This happens a lot with mainstream beauty press, especially for those of you who have seen my posts on ITG where the writers claim a product is “all plant actives” or “organic and pure” when it isn’t. I just read this write up from Beautyhigh of Caudalie’s Beauty Elixir: here, and the reporters fast and loose use the word “organic” really struck a nerve. She begins by saying “we’re all about keeping it as natural as possible” (if that were the case, they certainly don’t feature a lot of truly clean lines on there: Kiehls, Loreal, Bobbi Brown, Clarins, Caudalie are regulars), before saying that Caudalie’s Beauty Elixir is an ‘organic’ product. In no part of Caudalies description or ingredients does it list any of its ingredients as organic, and the top ingredients are actually: Water, Alcohol, Parfum. And the clincher, she lists in “what makes it different”: “Because of its organic ingredients, it can be used on all skin types.” – No that just isn’t right! Even if it was all organic that doesn’t mean anyone can use it! Being natural and organic doesn’t mean something isn’t going to set off skin sensitivities or that its right for oily or dry skin. I don’t go around looking to nitpick or start fights, but as a beauty writer for a relatively large site, I’d expect more knowledge about the actual industry and products.
This brings me to the next thing, and a lot of my co-workers are guilty of this as well. When a product is “free” of something (parabens, silicones, etc.), the sales associate automatically uses that to justify something. Yesterday I was helping out at a fashion show backstage and the make-up artist was telling a blemish prone model in her teens that the NARS foundation she was using would be okay for her skin type because it “doesn’t contain parabens or silicones” (by the way, she was talking about the Matte foundation which does contain both). Although silicones can indeed aggravate blemishes and parabens are not doing skin any favors, neither of those are reasons why something formulated without those chemicals might be good for acne prone skin – how about whether it manages sebum production? if it is heavy on the pores? or if it has ingredients to calm inflammation? etc.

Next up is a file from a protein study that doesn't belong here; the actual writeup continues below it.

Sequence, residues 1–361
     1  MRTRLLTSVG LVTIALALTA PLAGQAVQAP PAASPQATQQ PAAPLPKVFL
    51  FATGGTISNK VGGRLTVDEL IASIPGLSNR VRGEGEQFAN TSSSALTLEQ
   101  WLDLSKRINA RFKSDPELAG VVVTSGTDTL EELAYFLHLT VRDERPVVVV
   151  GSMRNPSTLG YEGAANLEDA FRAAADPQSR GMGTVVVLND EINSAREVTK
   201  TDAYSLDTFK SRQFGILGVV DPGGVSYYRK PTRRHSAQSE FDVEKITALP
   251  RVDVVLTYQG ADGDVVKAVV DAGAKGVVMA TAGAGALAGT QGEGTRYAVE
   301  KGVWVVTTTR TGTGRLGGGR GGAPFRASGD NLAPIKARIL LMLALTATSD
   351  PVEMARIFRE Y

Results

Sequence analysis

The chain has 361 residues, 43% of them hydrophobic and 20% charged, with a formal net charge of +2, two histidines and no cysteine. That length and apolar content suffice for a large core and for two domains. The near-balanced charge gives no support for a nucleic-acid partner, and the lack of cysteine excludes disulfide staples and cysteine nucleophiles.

The assumption that anything free of chemicals will be better for you.
I haven’t totally cleaned my regimen but for skin, I’m mostly there. However I do notice that there are some brands that go into detail about how their products are 100% free of chemicals and toxic ingredients but then I look at their ingredients list and it has things that are aggravating. In one instance (I’m not going to name call the specific brand here), a founder admitted to a follower that their facial oil which contained a type of pine oil wasn’t really suitable for pregnant women, when the follower asked about it. Whats the point of going on about not using “bad” ingredients if the natural things you put in there have adverse side-effects as well?
So now I do a cost-benefit analysis: does this cream have a paraben? yes? but does that natural product have citrus and pine extracts? yes? ok which has less… and sometimes the “less clean” brand comes out on top.